Some nutrition experts call the avocado a super food. This flavorful fruit provides health benefits when you add it to your favorite dishes. But when you look at avocado nutrition, you might be surprised. Not only are avocado calories high, but most of the calories come from fat. So, should you include this fruit in your diet? Many healthy eaters do, but usually in moderation.

Nutritional Facts:  The following information is provided by the USDA for one half of an avocado (about 100g) without skin or seed.

  • Calories: 160
  • Fat: 14.7g
  • Sodium: 7mg
  • Carbohydrates: 8.5g
  • Fiber: 6.7g
  • Sugars: 0.7g
  • Protein: 2g

Calories: The number of calories in avocado will depend on its size. The avocado nutrition facts shown are for half of a medium-sized avocado, but many avocados are smaller and some can be much larger (up to 300 grams or more). According to the USDA Nutrient Database, there are 322 calories in a larger (200 gram) avocado. In general, an average avocado ranges from 200 to 300 calories according to the Cleveland Clinic.

It’s more helpful to look at avocado calories per serving to see how your avocado calories add up. If you spread a thin layer of avocado on your sandwich or add a small amount to your healthy taco you are probably consuming roughly 30 grams or about two tablespoons of fruit. Of course, you may not use a tablespoon to measure the fruit. Most of us just slice a wedge or divide the avocado into quarters to get the portion we want. If you eat one-fifth of an avocado (that’s a little less than a quarter of the fruit), you’ll be consuming roughly two tablespoons of avocado or 50 calories.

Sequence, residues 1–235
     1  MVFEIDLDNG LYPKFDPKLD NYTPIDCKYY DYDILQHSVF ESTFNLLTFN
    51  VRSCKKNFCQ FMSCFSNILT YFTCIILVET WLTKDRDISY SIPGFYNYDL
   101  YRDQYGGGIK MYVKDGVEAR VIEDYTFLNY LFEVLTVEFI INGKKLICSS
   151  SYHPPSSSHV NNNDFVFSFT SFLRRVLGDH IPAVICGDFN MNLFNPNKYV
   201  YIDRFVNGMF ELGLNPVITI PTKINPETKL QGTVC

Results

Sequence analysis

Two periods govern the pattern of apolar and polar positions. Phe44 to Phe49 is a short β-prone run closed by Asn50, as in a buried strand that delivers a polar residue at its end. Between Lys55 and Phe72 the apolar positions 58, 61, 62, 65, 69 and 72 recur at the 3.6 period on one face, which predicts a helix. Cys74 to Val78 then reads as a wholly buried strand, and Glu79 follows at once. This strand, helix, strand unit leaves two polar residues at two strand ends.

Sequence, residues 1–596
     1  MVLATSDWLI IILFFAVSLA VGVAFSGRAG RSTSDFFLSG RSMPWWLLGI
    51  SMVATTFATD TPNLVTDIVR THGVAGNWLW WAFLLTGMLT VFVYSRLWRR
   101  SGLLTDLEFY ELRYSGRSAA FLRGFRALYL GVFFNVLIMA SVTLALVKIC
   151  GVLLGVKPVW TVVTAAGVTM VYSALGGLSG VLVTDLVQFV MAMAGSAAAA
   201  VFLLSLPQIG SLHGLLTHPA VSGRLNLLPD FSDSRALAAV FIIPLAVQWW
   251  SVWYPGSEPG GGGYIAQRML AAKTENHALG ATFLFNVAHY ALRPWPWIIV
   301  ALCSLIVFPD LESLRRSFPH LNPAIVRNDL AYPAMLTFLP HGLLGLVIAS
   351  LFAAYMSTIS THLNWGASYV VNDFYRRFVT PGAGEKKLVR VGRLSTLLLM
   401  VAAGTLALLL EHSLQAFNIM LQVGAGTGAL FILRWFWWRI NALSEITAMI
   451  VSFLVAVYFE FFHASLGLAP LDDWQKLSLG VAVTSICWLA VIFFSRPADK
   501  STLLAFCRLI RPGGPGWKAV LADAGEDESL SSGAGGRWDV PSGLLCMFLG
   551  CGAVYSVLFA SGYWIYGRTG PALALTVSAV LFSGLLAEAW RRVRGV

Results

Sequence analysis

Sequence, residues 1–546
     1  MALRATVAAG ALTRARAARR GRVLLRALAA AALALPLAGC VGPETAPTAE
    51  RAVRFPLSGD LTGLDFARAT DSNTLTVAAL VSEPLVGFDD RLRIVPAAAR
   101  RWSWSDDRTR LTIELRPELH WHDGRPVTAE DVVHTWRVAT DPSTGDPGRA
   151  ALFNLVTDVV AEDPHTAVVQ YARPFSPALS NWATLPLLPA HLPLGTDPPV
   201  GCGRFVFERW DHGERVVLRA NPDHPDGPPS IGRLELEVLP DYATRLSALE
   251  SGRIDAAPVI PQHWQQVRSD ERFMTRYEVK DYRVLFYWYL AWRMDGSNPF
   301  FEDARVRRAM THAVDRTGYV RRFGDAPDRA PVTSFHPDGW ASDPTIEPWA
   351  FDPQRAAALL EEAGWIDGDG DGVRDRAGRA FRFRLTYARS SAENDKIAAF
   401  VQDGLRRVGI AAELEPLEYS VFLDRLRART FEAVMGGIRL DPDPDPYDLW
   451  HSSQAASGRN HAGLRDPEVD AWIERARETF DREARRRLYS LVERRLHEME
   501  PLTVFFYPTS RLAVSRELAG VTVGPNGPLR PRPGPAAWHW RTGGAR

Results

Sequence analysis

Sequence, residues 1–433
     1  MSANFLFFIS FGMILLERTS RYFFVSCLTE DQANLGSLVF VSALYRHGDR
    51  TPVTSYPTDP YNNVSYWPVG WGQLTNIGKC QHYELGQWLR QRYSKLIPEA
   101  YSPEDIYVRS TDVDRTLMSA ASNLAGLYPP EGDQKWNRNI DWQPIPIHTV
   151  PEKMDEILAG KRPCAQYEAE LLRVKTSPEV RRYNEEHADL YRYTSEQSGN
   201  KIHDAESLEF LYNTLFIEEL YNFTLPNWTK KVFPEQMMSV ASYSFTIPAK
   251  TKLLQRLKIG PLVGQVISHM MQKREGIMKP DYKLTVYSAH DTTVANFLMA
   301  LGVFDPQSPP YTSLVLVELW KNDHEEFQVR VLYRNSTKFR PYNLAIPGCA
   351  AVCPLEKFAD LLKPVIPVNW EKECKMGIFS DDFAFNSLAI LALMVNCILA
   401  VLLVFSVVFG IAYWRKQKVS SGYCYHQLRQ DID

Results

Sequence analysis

Carbs: Most of the carbohydrates in an avocado come from fiber. A whole avocado provides about 17 grams of carbohydrate and 13.5 grams of fiber. There is very little sugar in an avocado (less than one gram) and the rest of the carbohydrate in the fruit comes from starch. A single serving of avocado provides about 4.2 carbohydrates and 3.35 grams of fiber. The glycemic index for avocado is estimated to be 15, making it a low-glycemic food.

Fats: Most of the calories in an avocado come from fat, but mostly in the form of healthier monounsaturated fat.1 A whole avocado provides up to 30 grams of fat, 4.2 grams of saturated fat, almost 20 grams of monounsaturated fat, and 3.6 grams of polyunsaturated fat.

Monounsaturated fat is considered a “good” fat. Monounsaturated fatty acids or MUFAs come from plant sources and may be helpful in lowering your LDL or “bad” cholesterol. For this reason, the Academy of Nutrition and Dietetics recommends that you choose foods with monounsaturated fats instead of saturated fat.

Protein: A single serving of avocado provides about one gram of protein. A whole avocado provides about 4 grams of protein.